Now That Netflix Has Launched in Kenya, These are Your Best Home Internet Solutions

January 8, 2016

net5Until this Wednesday, Netflix was only available in select developed countries. One needed special plugins or softwares to access it from blocked countries.
Now, the US streaming giant is available in almost all countries including Kenya. For a little over Sh800 a month, you can access the basic plan, whose downside is only lack of HD – that would be okay for many. Every new customer gets a free trial month upon signing up.
Kenyans on Twitter are not the type to be left behind, and the whole of yesterday, #NetflixInKenya was trending.
But even with the launch, fundamental questions have to be asked. Just how many will pay for the subscription and can our internet infrastructure support Netflix.
For several years now, Netflix has been the single biggest driver of internet bandwidth in the US, accounting for 35%. It’s closest rival and no. 2 on the bandwidth guzzlers list, is YouTube, which only accounts for 14% of downstream usage.
These stats tell you two things
1. Netflix is insanely popular in the US.
2. Netflix will not be friendly to your bundles.
As per their own figures, 1 hour of streaming consumes 300mb for the lowest resolution (trust me you don’t want this), and upto 7GB for the highest resolution.
To put that into context, if you went with the medium resolution of 700mb per hour, you would spend at least Sh300 per hour to stream with Safaricom bundles. Actually, that is assuming you bought bundles in bulk (30GB at Sh9000).
Since most Kenyans buy bundles in small quantity, the price to stream goes up really quick. It’s a little cheaper if you have the Big Box decoder, but still very uneconomical.
In short, try streaming a movie in HD and your bundles will be gone before you can say Eurobond.
You may think of Airtel’s Unliminet, but that’s not any better. After exhausting the 2 or 6GB provided, your device can barely open firefox.. just kidding. But it barely opens Google search (a very light page).
Orange too has an unlimited plan, but it’s the same story as Airtel. They cap your speeds after reaching 20GB for the monthly plan.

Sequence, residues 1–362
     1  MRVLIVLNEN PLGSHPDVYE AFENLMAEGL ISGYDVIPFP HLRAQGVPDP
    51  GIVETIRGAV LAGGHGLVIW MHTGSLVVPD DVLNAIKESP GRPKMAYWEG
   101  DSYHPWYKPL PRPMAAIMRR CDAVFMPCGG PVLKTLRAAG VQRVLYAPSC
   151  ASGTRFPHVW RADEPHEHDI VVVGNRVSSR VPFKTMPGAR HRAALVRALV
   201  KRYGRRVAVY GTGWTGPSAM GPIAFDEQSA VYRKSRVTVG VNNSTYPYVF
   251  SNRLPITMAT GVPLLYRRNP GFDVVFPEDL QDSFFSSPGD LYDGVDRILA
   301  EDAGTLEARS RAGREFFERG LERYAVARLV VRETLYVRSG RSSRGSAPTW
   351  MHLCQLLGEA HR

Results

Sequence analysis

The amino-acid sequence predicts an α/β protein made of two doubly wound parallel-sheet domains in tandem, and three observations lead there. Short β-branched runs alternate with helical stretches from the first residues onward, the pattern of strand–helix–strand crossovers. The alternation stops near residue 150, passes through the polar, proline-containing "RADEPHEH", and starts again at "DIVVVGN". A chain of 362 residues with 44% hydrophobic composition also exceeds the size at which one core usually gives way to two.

Now, if you plan on streaming on Netflix for a minimum of 4 hours a day, consuming more than 4GB per day, what are your options?
Most Kenyans fall into the category of NO options.. which means to them Netflix will continue to be a big rumour. A very small % of us however live in parts of the country that have Fibre… either Faiba or Zuku fibre.
Remember having Zuku satellite does not mean you are ‘Netflix-ready’. Satellite is available everywhere but their fibre service has only reached a few places.
If your estate does not appear in this Zuku fibre coverage list, you are most likely not ‘Netflix-ready’. (Perhaps it needs a little updating)
Faiba is in a few more towns, but we could not get a proper coverage list from their website.
Once you have your house connected to whatever fibre, you then decide what package to buy. This is the official internet speed recommendation from Netflix.
Those are basically the bare minimum. If your WiFi will be used by more than one device, you’ll do well to double the recommended speeds. Otherwise your stream will not stop buffering, or all other internet use will be interrupted.
Zuku’s cheapest plan offers 1Mbps, but this will not be an option for Netflix. Their 10 Mbps plan is however quite sufficient. It goes for Sh 4099 a month and also comes with some TV stations plus free Zuku to Zuku calls.
Faiba is much more expensive than Zuku, offering 5Mbps for Sh5000. (For nearly the same price you get 20Mbps on Zuku).
Also, unlike Zuku, Faiba does not provide TV stations meaning you’ll need a separate provider.
Clearly, your best bet in this case is Zuku.
On top of the fibre package price, there is the Sh800 or so Netflix subscription.
Some people have suggested that DSTV are wetting their pants trying to figure out how to deal with this Netflix thing. I can assure you those reports are greatly exaggerated. The number of Kenyans who have access to a fibre solution is way too low. In any case, Netflix will most likely be used side by side with existing TV packages and not as a substitute.

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